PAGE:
Thursday, 15 October 2015

Synod 15: let us not be fooled by those who limit God’s love

Pope laptop

Now that the third, and most controversial, part of the Instrumentum Laboris, dealing with how to approach challenging family situations, is being discussed, the intensity of messages heard from the Synod rises too.

For example, the Kazakhstani Archbishop Tomasz Peta didn’t mince his words, when he said, in his intervention during one of the General Congregations:
“Blessed Paul VI said in 1972: “From some crack the smoke of Satan has entered the temple of God.”

I am convinced that these were prophetical words of the holy pope, the author of “Humanae vitae”. During the Synod last year, “the smoke of Satan” was trying to enter the aula of Paul VI.

1) The proposal to admit to Holy Communion those who are divorced and living in new civil unions;
2) The affirmation that cohabitation is a union which may have in itself some values;
3) The pleading for homosexuality as something which is allegedly normal.

Some synod fathers have not understood correctly the appeal of Pope Francis for an open discussion and started to bring forward ideas which contradict the bi-millennial Tradition of the Church, rooted in the Eternal Word of God.

Unfortunately, one can still perceive the smell of this “infernal smoke” in some items of the “Instrumentum Laboris” and also in the interventions of some synod fathers this year.”
Another Synod Father who is certainly not using a new language is the Guinean Cardinal Robert Sarah who characterizes the present situation saying that “we find ourselves between gender ideology and ISIS” and elaborates it thus:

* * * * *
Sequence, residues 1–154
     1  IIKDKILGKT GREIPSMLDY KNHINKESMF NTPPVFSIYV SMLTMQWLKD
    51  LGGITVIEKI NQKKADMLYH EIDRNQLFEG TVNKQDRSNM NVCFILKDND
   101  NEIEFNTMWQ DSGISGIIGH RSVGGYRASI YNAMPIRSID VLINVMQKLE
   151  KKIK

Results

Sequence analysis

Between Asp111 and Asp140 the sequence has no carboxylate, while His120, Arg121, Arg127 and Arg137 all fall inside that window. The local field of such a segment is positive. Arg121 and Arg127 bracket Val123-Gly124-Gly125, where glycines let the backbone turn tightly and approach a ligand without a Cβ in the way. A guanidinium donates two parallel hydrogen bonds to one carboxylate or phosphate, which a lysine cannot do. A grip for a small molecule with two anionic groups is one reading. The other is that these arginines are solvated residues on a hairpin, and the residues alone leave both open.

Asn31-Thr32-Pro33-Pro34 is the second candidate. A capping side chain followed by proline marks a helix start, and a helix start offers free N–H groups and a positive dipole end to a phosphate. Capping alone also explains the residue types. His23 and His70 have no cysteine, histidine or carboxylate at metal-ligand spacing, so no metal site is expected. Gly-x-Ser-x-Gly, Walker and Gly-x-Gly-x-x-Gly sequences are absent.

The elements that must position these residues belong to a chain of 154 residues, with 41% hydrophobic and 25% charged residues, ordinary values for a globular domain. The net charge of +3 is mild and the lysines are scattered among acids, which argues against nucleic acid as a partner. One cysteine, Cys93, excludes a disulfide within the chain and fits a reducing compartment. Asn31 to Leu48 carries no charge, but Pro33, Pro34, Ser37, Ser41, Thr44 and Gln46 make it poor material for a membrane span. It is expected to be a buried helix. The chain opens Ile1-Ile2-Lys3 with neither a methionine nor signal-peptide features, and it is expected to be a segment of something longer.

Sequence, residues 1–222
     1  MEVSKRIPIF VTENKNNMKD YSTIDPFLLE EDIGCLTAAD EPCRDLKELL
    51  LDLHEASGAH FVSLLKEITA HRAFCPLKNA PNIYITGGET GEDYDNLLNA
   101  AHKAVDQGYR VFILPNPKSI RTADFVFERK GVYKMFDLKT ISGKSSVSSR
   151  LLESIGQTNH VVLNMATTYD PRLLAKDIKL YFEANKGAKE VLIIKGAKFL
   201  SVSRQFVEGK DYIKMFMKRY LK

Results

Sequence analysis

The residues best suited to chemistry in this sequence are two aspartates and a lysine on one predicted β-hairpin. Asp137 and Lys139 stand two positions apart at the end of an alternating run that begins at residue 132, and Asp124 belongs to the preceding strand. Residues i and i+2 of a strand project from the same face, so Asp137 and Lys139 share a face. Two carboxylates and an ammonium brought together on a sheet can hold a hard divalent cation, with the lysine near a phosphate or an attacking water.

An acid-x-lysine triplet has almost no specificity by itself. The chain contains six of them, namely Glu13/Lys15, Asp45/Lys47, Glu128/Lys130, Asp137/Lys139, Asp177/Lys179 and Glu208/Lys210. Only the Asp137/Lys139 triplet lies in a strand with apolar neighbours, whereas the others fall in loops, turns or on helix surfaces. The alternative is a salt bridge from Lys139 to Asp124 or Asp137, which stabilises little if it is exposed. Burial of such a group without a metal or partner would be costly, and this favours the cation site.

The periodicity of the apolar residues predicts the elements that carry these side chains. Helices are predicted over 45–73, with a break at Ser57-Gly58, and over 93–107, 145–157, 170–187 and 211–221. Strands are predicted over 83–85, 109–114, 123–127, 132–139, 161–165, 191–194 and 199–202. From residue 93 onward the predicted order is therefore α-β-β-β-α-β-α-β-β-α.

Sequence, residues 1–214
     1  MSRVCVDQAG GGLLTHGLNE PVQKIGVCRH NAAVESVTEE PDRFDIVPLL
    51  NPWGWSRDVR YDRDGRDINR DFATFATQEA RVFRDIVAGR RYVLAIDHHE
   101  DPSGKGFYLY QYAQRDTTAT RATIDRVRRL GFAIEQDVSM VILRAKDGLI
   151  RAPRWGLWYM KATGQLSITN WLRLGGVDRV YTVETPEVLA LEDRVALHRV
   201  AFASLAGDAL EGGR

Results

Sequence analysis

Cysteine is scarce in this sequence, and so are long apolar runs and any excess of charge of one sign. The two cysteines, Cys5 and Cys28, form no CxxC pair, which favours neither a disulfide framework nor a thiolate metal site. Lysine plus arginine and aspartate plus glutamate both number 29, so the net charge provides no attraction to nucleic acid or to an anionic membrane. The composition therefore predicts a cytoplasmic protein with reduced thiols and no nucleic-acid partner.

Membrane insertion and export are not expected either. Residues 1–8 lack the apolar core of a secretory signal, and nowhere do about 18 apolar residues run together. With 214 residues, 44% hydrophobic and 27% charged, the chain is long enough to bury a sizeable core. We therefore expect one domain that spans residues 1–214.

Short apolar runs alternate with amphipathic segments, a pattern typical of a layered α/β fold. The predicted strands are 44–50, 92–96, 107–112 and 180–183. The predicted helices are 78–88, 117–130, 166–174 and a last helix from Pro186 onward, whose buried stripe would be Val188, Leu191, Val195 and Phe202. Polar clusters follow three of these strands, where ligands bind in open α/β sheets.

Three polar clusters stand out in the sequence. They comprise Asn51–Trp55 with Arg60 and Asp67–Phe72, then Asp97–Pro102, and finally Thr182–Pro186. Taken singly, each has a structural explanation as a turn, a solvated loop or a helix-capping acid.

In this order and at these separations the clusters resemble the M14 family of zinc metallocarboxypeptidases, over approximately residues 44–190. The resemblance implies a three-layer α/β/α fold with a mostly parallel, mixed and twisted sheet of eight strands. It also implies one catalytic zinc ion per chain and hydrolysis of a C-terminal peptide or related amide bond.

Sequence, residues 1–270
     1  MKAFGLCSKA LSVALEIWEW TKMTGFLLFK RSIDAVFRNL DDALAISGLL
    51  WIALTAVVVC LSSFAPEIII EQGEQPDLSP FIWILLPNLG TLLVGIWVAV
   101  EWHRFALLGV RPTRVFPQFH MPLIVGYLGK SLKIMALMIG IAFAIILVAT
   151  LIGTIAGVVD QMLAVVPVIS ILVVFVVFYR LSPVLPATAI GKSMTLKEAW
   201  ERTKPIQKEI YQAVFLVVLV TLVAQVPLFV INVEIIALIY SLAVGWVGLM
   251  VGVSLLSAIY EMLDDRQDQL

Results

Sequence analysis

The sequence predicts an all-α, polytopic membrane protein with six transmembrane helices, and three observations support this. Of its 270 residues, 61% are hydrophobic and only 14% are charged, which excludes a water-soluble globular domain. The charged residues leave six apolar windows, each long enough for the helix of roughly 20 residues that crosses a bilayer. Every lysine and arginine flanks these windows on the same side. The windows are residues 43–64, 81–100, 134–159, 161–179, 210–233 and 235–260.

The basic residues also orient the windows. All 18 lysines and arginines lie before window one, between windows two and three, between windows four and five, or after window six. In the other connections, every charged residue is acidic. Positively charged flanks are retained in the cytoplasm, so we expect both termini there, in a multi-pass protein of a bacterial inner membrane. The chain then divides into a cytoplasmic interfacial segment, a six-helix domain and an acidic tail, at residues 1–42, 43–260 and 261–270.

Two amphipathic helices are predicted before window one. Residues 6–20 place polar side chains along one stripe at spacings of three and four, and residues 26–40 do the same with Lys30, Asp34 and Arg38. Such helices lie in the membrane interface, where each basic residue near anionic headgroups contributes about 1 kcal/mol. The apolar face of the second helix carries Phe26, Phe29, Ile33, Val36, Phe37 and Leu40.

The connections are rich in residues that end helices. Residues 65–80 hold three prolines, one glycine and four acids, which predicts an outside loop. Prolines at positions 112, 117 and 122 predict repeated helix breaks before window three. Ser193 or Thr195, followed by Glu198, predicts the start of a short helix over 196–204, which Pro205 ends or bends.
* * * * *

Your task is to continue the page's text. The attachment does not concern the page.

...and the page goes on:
“Several clues enable us to intuit the same demonic origin of these two movements. Unlike the Spirit of Truth that promotes communion in the distinction (perichoresis), these encourage confusion (homo-gamy) or subordination (poly-gamy). Furthermore, they demand a universal and totalitarian rule, are violently intolerant, destroyers of families, society and the Church, and are openly Christianophobic.

“We are not contending against creatures of flesh and blood ....” We need to be inclusive and welcoming to all that is human; but what comes from the Enemy cannot and must not be assimilated. You can not join Christ and Belial! What Nazi-Fascism and Communism were in the 20th century, Western homosexual and abortion Ideologies and Islamic Fanaticism are today.”
There are very different takes on what is happening at the Synod too. For example, the papally-appointed Synod special secretary, Archbishop Bruno Forte described the working of the Synod as follows:
“Pope Francis has asked us to speak with complete freedom about everything. He pointed out at the beginning of the Extraordinary Synod: “There is nothing that we cannot speak about.” And this is taking place and I think it’s very constructive, because it shows a living Church, co-responsible and involved. To translate this participation and involvement into a spirit of conspiracy or divisions is, I think, a stretch, coming from those who see things only from the outside, without experiencing them from within. Do not forget that we are all men of faith, who feel responsibility towards God and towards our brothers. And that brings us together much more strongly than any possible and hypothetical partisan conflicts that could apply.”
Speaking about challenges, the Colombian Cardinal Rubén Salazar Gómez said: